The Chairman of the All Teachers Alliance Ghana (ATAG) has described the National Democratic Congress (NDC’s) Educational Policies as largely Inconsistent and Populist.
The chairman, Isaac Ofori indicated that the policies were just afterthoughts and could not be consistent in the ideals on the Social Democratic party the NDC.
”The inconsistencies in their manifesto manifest themselves clearly when the NDC categorically stated that they will abolish the double-track system of the free SHS. They also maintained that they will review the Free SHS by completing existing incomplete structures that had been abandoned by the NPP and release some of the pressure to some ‘deprived private schools’. I think this is highly inconsistent with what NDC Mr Mahama had said sometimes ago in this country about the free SHS” He said.
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NDC EDUCATIONAL POLICIES LARGELY INCONSISTENT, POPULIST AND AFTERTHOUGHTS
Political expediency is gradually sneaking into our body politics and politicians have embraced the idea in their quest to winning political power. Countdown to the 2020 elections had seen many policy promises emanating from the two biggest political parties: NPP and NDC. Prior to the 2016 elections, education took the center stage as Nana Addo promised to make SHS free. The abolishing of the teacher training allowance and the three-month pay policy affected many teachers across the country. NDC lost the 2016 elections largely due to perceived poor economic showdown and general hardship that hit the Ghanaian populace.
NDC is seeking to wrestle power from the incumbent government and has launched their manifesto dubbed “the People’s Manifesto”. The manifesto launch saw Mr. Mahama and Jane Naana outlining some of the key policies of the party when giving the opportunity to return to power for the fifth time.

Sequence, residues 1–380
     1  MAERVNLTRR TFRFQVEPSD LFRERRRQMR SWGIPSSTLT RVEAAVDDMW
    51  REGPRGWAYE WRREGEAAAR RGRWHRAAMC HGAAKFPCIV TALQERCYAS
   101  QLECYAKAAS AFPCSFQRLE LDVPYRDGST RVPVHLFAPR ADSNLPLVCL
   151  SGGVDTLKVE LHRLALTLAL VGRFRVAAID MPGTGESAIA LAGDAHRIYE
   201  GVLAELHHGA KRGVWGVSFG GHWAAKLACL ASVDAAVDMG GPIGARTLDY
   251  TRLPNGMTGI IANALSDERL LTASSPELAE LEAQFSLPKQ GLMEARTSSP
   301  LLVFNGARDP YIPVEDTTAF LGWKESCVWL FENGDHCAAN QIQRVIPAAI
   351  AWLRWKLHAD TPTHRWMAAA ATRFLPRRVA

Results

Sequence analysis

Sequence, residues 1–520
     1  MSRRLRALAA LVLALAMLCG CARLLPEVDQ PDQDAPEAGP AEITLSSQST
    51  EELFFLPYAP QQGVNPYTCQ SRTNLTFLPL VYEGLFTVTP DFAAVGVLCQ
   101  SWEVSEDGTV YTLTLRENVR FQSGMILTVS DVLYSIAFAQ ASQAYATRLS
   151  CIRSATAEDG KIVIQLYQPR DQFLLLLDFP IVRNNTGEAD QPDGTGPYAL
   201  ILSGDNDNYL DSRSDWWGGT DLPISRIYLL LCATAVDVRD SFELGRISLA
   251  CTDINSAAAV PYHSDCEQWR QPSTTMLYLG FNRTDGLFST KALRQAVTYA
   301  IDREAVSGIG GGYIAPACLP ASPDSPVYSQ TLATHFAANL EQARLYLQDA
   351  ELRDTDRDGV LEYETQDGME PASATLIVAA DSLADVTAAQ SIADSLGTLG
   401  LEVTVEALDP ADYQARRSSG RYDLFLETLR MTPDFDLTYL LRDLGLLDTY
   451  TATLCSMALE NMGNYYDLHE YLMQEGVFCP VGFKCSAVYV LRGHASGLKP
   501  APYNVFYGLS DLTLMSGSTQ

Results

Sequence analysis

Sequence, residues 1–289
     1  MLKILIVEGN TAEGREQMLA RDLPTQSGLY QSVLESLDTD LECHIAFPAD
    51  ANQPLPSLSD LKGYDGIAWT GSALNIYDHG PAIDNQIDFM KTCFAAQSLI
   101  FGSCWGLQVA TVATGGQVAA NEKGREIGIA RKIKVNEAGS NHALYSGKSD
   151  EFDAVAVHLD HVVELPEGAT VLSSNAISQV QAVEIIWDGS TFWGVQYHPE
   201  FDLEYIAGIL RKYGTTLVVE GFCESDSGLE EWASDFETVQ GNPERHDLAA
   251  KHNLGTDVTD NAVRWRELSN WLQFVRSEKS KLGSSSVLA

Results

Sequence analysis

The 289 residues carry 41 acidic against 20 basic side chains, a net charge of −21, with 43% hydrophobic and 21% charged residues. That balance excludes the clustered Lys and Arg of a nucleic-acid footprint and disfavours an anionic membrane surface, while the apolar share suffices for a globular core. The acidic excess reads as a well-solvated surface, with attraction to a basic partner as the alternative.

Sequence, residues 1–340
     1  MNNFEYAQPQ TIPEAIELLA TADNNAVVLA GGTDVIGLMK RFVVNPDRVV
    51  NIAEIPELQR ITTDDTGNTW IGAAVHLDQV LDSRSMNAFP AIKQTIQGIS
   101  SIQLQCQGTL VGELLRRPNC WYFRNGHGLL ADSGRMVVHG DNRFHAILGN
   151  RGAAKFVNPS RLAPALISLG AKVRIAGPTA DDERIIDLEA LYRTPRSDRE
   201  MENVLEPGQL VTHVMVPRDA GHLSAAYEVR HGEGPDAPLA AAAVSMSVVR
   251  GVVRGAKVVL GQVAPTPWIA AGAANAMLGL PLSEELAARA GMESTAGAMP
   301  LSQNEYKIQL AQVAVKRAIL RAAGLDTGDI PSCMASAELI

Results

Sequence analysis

The 2020 NDC manifesto had tried to decorate their educational policies with a lot of policies and promises that are largely pointing to inconsistency, populism and afterthoughts.
In the first place, the inconsistencies in their manifesto manifest themselves clearly when the NDC categorically stated that they will abolish the double-track system of the free SHS.
They also maintained that they will review the Free SHS by completing existing incomplete structures that had been abandoned by the NPP and release some of the pressure to some ‘deprived private schools’
. I think this is highly inconsistent with what NDC Mr. Mahama had said sometimes ago in this country about the free SHS.
Mr Mahama strongly maintained in 2016 that the free SHS is not feasible and that it must be made progressively free. In 2012, he promised to put up 200 E-blocks as a means of meeting the infrastructure deficit of the Senior High School education in this country.
The credibility now stares clearly at Mr. Mahama when he takes a ‘u-turn’ and begins to make wide promises on something that he had never believed would even work in the first place.
He had been captured also questioning the 2 billion yearly funding of the Free SHS policy. Abolishing the double track is ongoing as the NPP government is building more infrastructures to ease off the track system. Again, attending a private school is a choice every parent makes for their wards and all private schools aim at making a profit.